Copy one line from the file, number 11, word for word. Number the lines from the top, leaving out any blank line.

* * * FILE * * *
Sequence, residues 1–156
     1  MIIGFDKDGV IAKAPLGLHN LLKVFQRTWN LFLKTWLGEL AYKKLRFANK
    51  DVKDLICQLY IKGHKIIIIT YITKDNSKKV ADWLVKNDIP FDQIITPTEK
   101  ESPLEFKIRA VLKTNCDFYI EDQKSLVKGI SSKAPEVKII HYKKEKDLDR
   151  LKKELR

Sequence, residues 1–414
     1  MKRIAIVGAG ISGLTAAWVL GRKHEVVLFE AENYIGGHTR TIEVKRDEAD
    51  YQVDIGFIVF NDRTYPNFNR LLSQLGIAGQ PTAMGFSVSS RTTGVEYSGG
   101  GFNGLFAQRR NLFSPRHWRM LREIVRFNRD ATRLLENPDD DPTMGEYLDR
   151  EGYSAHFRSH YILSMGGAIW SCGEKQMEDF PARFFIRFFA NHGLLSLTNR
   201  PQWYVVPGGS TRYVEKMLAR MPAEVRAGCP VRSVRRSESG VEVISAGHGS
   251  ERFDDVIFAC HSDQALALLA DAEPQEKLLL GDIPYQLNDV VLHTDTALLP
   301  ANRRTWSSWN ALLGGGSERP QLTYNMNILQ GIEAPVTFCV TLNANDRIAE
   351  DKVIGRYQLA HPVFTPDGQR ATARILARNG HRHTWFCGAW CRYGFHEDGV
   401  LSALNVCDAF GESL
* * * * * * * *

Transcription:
   201  PQWYVVPGGS TRYVEKMLAR MPAEVRAGCP VRSVRRSESG VEVISAGHGS